Scared money

When I used to play poker in one of London's casinos you would often hear the phrase "scared money". The phrase refers to the cautious players, beginners etc. who didn't want to risk too much money. These players would play with a very small stack of chips in front of them and when it was gone they would walk away. They would do all they could to protect their little stack of chips and that meant dropping hand after hand until they had a monster. All I had to do was drop my hand whenever they kept theirs.

My bankroll for such games was always a lot larger than my opponents. They would buy in for £50 or so. I would buy in for £500 or more. There was never any intention of using the full £500. I just wanted everyone to know that I had them covered. The value of my stack was immediately forgotten as I tried to bully people out of a hand. Poker is more about finding the right players to play against than anything else. Whenever I went to the casino I would say, "Hello" to my acquaintances, as I passed them by, heading for the easiest table I could find. Usually, a table with tourists or people I knew that had just started coming to the cardroom and were still learning the game. But what has this to do with sports trading?

A common question from beginner traders on the forums is, "What size should my bankroll be?" Alternatively, they will say, "I am going to start with £50 and see how it goes." Immediately, I know their money to be scared money. A common outcome for a beginner's small bankroll is that it will dwindle away because the fear of losing the bankroll doesn't permit them to trade effectively. When they start trading, all they can see is a zero, sometime in the future, at the bottom of their spreadsheet's profit and loss column. From that moment on, the beginner trader will be more concerned with not losing money rather than winning money. Any small reversal against them and they are out for a loss, only to see the market swing back in their favour.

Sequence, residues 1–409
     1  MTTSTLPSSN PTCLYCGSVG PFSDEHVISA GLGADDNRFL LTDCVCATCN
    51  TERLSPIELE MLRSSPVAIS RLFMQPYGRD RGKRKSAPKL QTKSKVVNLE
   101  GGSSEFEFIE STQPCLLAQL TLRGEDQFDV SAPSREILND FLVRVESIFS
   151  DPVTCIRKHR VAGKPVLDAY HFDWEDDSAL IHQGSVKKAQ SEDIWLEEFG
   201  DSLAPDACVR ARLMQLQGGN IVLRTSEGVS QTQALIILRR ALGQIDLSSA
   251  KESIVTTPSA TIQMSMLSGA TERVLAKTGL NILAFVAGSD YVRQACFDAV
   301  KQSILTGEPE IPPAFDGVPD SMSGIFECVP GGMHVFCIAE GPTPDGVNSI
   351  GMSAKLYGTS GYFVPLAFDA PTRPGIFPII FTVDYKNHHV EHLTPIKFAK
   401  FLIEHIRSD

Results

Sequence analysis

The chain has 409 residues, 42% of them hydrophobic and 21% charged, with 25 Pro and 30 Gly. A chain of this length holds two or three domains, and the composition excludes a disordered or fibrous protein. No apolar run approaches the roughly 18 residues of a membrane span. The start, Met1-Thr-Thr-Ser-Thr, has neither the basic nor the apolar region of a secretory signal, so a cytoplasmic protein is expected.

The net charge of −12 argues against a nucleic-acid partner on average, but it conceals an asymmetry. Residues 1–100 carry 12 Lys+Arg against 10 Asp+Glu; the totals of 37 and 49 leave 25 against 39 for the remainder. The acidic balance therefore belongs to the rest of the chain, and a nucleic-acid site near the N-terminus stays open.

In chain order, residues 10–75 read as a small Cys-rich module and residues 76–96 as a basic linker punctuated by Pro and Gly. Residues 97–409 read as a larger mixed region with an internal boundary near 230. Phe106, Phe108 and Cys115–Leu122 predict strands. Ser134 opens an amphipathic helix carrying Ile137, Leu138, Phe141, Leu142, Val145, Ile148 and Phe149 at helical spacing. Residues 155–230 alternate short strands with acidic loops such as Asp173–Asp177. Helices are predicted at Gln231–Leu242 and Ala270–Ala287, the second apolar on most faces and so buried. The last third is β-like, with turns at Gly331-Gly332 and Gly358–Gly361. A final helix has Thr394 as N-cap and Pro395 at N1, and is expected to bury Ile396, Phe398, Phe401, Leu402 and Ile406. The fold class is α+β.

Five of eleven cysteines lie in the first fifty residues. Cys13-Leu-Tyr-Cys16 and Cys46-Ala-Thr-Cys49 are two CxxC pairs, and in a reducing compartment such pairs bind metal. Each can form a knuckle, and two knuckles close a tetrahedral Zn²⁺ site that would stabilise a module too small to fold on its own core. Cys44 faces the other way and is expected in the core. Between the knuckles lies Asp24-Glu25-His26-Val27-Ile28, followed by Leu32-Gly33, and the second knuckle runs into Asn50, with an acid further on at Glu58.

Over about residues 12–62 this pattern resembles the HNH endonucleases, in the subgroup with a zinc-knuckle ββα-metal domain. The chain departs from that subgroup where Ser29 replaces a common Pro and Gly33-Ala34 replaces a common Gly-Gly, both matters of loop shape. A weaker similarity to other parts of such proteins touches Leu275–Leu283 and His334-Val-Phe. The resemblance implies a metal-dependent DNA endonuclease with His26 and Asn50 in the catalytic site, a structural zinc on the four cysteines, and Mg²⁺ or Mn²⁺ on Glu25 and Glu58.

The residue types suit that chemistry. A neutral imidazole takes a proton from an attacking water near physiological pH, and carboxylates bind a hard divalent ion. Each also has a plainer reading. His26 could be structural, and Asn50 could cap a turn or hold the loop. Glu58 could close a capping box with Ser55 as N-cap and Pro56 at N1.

Before you determine a bankroll size, you need to determine a winning system. That system will have an expectation or expected value, in other words, how much you can expect to win per £1 bet. Of course, you cannot expect to make exactly what is expected. Indeed, a winning system can lose for while and a losing system can appear to win before reverting. There is no real answer to the question, "How big should my bankroll be?" Your bankroll should be big enough to cover the volatility of your trades. Only experience and a history of previous trades will give you a value for the variance of your returns. Whatever bankroll you decide upon, its value should be forgotten. Your prime concern now is to trade to win and never not to lose.